When I met Lucy Shelton, via Zoom, she was in the midst of an atypical endeavor. It wasn’t simply that she was living in a Helsinki hotel: the American soprano’s long career has often taken her far afield from her New York City home base. What was remarkable was that she was working in opera, rehearsing the small but crucial role of the Teacher for the Finnish National Opera debut of Kaija Saariaho’s Innocence. Shelton had taken part in the work’s wildly acclaimed 2021 Aix-en-Provence world premiere. The assignment fell in line with her career-long exploration of contemporary music, but nonetheless it had taken her into foreign aesthetic turf: “This is the first opera I’ve ever done,” she says.  

It’s an astonishing statement to come from a soprano who has been professionally active for over five decades. After a bit of prodding, she remembers a few one-off opera gigs, like a 1984 television production of Michael Tippett’s Midsummer Marriage. But Shelton, the recipient of CMA’s 2023 Richard J. Bogomolny National Service Award, is first and foremost a chamber musician. Even in her recital programs, she invites instrumentalists to share the stage with her. “There’s something so powerful about being able to sit in a group of people you don’t know and make music,” she says. “Everybody is responsible for their own parts; everybody connects with everybody else.”  

“Chamber music involves collaboration and personal responsibility in a way no other genre does,” says Shelton’s longtime collaborator Christopher Kendall, founder of the 21st Century Consort. “Lucy brings those qualities to her music-making.” 

Lucy Shelton performing at the Yellow Barn, in Putney, Vermont
Lucy Shelton performing at the Yellow Barn, in Putney, Vermont // Photo: Zachary Stephens

Shelton came from a musical family: her parents had met at an amateur music camp and all five children, growing up in Claremont, California, studied both piano and a second instrument. Lucy’s instrument was the flute, which brought her, as a young teenager, to Greenwood Music Camp in western Massachusetts. She received her secondary education at Vermont’s Putney School, a small institution with an ambitious orchestral program that gave her a solo opportunity in the Mozart D-Major Flute Concerto.   

As an undergraduate at Pomona College, she majored in music, studying flute and voice simultaneously. But eventually she had to choose between the two disciplines. “My heart was involved with both, but I realized that the flute repertoire is so skimpy,” she says. “I love Baroque, but I wasn’t going to be a Baroque specialist, whereas with singing—well, God knows you’ll never run out of repertoire.”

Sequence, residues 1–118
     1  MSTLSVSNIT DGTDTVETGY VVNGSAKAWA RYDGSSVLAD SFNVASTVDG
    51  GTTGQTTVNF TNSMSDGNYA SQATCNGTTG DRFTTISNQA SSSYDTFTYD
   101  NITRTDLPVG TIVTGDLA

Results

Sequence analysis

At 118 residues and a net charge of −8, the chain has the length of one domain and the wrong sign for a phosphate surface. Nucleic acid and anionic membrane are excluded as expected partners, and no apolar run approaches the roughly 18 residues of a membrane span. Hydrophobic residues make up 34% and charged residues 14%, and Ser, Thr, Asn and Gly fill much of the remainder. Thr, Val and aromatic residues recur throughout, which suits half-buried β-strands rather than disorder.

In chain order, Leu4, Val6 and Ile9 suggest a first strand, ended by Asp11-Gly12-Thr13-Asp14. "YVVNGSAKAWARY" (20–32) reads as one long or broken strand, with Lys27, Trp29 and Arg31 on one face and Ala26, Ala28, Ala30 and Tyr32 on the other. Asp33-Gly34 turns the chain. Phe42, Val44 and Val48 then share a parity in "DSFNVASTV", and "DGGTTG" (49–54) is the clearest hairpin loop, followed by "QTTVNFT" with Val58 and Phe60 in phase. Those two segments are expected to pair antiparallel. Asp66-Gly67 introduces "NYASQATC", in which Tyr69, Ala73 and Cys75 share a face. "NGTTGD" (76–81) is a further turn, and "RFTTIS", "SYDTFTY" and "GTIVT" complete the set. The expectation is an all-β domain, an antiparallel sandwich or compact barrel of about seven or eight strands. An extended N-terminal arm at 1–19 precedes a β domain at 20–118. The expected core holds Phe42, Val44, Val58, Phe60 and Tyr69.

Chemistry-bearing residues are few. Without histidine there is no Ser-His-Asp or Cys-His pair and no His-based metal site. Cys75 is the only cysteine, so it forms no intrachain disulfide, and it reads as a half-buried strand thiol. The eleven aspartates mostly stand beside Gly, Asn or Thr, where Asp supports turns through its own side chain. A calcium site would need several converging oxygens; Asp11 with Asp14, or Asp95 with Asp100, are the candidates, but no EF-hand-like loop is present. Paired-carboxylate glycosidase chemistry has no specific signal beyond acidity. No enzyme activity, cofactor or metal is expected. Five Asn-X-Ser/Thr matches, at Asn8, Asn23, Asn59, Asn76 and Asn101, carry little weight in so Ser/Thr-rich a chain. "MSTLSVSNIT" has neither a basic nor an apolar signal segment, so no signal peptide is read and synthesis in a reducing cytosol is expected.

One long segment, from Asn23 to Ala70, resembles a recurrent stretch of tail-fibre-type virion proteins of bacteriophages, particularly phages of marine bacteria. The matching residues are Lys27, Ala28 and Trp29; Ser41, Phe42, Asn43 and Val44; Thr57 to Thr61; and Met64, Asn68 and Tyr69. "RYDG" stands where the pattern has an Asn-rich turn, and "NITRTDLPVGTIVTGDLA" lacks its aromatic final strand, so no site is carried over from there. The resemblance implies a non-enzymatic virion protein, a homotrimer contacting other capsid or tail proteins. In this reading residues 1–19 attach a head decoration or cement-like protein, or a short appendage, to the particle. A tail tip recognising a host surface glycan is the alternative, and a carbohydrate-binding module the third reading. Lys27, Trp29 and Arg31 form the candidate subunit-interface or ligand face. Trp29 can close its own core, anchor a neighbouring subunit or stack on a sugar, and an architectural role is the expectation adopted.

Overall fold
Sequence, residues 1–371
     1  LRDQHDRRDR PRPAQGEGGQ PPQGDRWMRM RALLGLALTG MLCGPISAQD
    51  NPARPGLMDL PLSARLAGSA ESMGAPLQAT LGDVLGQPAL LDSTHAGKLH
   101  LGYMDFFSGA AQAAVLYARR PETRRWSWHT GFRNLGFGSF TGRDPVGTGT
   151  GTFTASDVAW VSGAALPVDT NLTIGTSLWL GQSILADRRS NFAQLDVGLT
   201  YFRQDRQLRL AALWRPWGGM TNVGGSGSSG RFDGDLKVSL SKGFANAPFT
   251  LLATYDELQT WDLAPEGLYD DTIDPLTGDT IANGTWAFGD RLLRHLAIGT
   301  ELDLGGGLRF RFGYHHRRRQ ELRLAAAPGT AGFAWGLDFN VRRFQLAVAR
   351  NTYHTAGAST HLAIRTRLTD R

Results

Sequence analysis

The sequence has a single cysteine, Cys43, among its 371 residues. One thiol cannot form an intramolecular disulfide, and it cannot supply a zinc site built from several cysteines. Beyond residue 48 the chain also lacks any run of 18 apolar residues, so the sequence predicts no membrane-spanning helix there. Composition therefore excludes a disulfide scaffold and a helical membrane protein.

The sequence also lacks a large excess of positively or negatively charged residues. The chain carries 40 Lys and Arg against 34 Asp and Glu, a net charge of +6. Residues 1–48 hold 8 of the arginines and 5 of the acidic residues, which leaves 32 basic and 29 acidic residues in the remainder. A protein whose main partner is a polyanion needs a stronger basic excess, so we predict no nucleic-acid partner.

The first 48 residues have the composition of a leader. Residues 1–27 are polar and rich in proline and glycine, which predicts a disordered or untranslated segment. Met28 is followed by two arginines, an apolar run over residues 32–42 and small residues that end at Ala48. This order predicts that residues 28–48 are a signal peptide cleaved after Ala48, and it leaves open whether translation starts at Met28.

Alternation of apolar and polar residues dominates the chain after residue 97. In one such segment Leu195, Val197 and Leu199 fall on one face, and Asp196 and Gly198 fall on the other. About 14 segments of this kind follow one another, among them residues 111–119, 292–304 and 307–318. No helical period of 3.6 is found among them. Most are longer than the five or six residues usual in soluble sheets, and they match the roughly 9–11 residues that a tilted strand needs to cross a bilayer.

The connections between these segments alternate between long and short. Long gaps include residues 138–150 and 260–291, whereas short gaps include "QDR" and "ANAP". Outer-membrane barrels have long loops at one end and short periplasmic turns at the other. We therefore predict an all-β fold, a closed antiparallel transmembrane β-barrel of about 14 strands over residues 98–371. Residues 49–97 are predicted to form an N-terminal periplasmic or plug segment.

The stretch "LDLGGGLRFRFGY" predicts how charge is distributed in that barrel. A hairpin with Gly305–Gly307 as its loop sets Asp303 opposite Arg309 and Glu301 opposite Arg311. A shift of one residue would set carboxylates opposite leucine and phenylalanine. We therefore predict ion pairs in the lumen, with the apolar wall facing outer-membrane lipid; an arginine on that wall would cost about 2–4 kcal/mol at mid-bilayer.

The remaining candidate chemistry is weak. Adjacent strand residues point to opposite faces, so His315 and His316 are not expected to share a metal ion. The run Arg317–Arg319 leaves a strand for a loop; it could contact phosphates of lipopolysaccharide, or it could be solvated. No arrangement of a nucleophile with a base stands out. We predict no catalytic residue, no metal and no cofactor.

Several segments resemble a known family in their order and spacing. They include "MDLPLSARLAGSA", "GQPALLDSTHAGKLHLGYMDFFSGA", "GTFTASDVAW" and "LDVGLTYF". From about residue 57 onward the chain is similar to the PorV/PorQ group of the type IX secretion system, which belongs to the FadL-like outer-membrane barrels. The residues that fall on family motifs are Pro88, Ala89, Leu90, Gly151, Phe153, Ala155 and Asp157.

Although Shelton left the flute behind, the discipline she acquired as an instrumentalist is one of her great attributes as a singer. “I’ve found that singers who first were serious instrumentalists bring musical skills that aren’t there in other singers,” says Kendall. “Lucy’s outstanding attribute is that she’s a great musician, and was from the beginning.” 


“There's something so powerful about being able to sit in a group of people you don't know and make music."
Lucy Shelton

Shelton’s performances with a Third Street faculty ensemble, the Third Street Chamber Players, started to draw attention, and soon she found herself performing as a soloist with  the New York Vocal Arts Ensemble, the New York Pro Musica Antiqua and many others. “It feels like a very grassroots thing that happened to me,” she says. “It’s that old thing: if you do your job well, it gets noticed, and you get passed around.” Shelton became a founding member of the Jubal Trio, which in 1977 won the Naumburg Competition. In 1980, she won a second Naumburg award, this time as a soloist. 

Shelton’s repertoire reaches back to Purcell and Telemann, moving forward through Mozart and Schubert, Brahms and Borodin. But she is most associated with modern and new music. She has sung in premieres by (to cite a small sample) Elliott Carter, Jacob Druckman, Miriam Gideon, Shulamit Ran, George Rochberg and Poul Ruders,; her repertory also encompasses Kurtag, Ginastera, Boulez and Dallapiccola, among many other 20th-century and contemporary composers.  

“Sometimes composers come together with important musicians to help each other,” says Joseph Schwantner, who has composed five works for Shelton. He first encountered her in 1977, when he wrote the song cycle Wild Angels of the Open Hills for the Jubal Trio; two years later, he wrote Sparrows for Shelton and the 20th Century Consort (as it was then known). “I just didn’t want to write for anyone else,” he says. “In my mind’s ear, her voice is simply there.  

“My music is usually performed for audiences who are completely unfamiliar with it,” Schwantner continues. “So you have one chance––maybe––to have that music say something to them. Lucy takes that important step: she makes the music direct and intelligible.” 

Lucy Shelton at CMA's 2023 Conference
Lucy Shelton at CMA's 2023 Conference // Photo: Becky Yee Photography